Linking Process and Data

by Vivek  Venkatraman,

Business Analysts Pty Ltd Consultant

 

I would like to discuss the importance of understanding the link between process and data while performing business analysis. Process and data are the fundamental elements of any business. It is critical to understand how they are linked to understand the product or service delivery because almost every business process has data linked to or flowing through it. Understanding the linkage helps gain better understanding of new domains and/or complex processes and helps to elicit requirements more effectively. It also helps uncover essential processes or links that may otherwise be overlooked. Insufficient understanding of the linkage between process and data might lead to incorrect and or incomplete requirements.

 

Identifying the linkage pattern can be quite useful when:

  • creating a new business process
  • analysing an existing process to understand the overall business process
  • understanding the terminologies of the existing business process
  • creating new data models from process flows
  • defining epics and user stories
  • writing effective acceptance criteria for user stories

 

There are a few steps which can be followed to help understand the linkage between process and data. Following steps can be followed for analysing existing business process to understand the business:

  • Begin with the process flow diagram to understand the sequence of tasks in a process.
  • Identify the data elements that passes through every task in a process.
  • Use these data elements to understand more about the data models and how it links back to different tasks in the process.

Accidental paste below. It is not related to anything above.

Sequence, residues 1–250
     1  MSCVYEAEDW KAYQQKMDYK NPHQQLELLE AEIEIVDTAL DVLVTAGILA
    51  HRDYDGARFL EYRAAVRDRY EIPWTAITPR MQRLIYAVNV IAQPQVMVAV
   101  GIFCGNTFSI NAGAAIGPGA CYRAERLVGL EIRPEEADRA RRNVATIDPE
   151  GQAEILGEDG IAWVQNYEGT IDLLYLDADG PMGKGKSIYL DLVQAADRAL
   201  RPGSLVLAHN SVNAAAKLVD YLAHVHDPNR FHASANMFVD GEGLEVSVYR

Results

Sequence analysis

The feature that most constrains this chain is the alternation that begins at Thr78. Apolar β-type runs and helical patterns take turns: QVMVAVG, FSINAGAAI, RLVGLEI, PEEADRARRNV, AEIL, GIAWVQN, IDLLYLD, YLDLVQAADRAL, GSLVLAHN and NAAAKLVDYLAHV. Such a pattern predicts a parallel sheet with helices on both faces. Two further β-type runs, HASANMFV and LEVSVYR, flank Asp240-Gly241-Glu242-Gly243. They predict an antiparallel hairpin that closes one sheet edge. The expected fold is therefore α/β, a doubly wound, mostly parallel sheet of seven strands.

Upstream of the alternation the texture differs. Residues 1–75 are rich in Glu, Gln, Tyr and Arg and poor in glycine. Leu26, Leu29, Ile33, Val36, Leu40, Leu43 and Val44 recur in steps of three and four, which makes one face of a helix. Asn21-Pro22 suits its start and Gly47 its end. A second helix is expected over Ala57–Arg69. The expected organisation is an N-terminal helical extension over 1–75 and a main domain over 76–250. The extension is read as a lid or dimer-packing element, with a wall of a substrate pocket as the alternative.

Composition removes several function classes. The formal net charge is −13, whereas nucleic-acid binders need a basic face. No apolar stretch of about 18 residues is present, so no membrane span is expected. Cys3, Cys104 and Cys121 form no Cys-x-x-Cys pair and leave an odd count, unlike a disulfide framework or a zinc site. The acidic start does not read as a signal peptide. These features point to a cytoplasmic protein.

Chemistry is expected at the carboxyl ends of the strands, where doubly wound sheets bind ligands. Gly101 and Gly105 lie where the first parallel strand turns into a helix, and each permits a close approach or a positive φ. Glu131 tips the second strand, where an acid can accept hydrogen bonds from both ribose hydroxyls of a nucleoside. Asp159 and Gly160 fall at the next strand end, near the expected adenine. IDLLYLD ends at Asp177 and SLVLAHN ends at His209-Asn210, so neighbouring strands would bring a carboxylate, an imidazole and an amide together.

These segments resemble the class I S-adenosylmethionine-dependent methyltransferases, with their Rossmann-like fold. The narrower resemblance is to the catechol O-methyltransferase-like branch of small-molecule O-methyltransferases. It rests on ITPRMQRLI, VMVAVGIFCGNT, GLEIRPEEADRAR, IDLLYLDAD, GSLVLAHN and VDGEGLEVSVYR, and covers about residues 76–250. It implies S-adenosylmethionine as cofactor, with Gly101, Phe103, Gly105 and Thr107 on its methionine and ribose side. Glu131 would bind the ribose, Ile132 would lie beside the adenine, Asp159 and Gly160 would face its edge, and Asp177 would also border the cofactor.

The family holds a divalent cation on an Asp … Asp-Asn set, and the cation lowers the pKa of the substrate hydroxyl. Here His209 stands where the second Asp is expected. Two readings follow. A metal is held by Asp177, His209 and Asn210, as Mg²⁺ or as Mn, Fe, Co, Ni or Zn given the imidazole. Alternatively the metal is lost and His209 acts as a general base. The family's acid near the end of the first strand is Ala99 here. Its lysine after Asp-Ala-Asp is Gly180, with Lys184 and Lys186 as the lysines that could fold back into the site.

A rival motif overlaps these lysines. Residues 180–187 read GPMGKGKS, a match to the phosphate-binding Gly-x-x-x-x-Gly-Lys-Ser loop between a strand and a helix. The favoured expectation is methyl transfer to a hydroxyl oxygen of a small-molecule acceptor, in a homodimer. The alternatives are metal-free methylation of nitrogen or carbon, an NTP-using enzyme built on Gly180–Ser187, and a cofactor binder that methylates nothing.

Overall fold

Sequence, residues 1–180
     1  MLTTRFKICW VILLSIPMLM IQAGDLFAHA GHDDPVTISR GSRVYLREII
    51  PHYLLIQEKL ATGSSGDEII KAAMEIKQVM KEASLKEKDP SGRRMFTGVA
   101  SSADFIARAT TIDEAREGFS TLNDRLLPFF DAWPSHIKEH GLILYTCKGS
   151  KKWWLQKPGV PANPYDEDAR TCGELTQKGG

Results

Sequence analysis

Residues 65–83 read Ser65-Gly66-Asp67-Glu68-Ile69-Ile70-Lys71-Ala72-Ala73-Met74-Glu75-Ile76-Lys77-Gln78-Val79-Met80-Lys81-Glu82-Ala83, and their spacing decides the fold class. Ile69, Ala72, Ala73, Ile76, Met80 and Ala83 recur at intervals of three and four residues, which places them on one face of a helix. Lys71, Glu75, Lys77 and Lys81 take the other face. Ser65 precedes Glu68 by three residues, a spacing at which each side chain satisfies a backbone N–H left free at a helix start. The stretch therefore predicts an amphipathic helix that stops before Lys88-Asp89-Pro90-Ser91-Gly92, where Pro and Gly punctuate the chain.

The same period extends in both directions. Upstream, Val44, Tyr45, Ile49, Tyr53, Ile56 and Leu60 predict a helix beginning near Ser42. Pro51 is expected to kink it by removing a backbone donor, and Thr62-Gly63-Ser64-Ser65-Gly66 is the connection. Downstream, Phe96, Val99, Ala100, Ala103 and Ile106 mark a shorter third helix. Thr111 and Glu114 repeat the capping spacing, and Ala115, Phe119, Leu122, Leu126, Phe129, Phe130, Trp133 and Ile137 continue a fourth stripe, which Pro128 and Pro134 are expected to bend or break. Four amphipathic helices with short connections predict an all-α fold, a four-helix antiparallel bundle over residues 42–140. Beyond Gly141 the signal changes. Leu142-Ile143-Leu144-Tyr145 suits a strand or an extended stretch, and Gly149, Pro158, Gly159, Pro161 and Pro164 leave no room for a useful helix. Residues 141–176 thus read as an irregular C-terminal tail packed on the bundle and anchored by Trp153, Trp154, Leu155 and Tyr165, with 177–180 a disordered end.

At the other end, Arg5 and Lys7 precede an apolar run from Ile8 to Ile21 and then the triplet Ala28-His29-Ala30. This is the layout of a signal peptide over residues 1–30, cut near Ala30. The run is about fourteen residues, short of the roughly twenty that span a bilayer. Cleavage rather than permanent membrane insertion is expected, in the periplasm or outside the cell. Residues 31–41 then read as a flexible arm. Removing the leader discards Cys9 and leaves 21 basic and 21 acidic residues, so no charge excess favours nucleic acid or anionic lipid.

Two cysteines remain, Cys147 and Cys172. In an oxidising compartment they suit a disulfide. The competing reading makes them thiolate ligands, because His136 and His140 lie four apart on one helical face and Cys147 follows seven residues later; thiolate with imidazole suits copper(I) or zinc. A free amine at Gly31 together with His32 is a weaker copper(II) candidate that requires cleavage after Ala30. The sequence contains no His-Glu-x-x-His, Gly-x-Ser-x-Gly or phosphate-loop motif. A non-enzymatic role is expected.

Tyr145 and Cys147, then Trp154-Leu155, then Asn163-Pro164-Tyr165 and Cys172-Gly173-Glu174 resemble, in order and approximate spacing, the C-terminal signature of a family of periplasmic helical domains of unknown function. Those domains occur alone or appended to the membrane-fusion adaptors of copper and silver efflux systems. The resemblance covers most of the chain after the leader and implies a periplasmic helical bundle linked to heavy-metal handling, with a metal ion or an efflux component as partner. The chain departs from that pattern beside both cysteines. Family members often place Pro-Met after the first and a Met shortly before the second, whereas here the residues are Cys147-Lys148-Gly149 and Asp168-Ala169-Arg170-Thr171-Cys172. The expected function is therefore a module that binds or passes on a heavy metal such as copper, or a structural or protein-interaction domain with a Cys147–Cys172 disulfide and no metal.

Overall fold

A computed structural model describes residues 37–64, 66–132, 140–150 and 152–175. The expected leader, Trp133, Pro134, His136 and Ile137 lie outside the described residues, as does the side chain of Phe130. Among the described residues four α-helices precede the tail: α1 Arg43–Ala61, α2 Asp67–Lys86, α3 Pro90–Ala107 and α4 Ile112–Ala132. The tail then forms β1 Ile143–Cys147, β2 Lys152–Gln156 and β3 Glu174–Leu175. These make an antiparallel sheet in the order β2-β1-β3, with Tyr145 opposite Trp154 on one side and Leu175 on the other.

• An in-depth understanding of the data model would help identify other processes that may relate to the current process.
  • Understanding the business processes that are related or linked to the current process would help gain a holistic view of the product/application.

 

Creating a new process to a level of detail requires an in-depth understanding of the process and data flows. This involves asking a lot of questions while charting out the business process flow diagrams and this is an iterative process. As we gain better understanding of the process and data, the quality of questions and the level of details would significantly improve.

  • From the initial elicitation information available, create a high-level process flow diagram.
  • Within each of the tasks, determine what data would flow through it.
  • From the identified data, create data models by liaising with the stakeholders.
  • This is an iterative process and as we gain better and better understanding of the data and process models, more questions would pop up till we are satisfied with the level of detail in the process flow diagram.

Later, I will discuss with examples on how the quality of questions would improve as we understand process and data together.

A few techniques can be used for this purpose:

  • The question that we need to ask to identify data when looking at the process flow is – “what data flows through this task and how does it relate to my process?”
  • From the data modelling, we can ask questions like “is this data used in any other task in the process and if so, how does is it used?”
  • For understanding the data and in turn the application as a whole, we can ask “what are the other processes this data is used in?”

 

Leveraging the English language

  • A well written process task is written in “Verb Adjective Noun” format.
  • The “Adjective Noun” in the process would help identify the data element which could then be used to understand the data.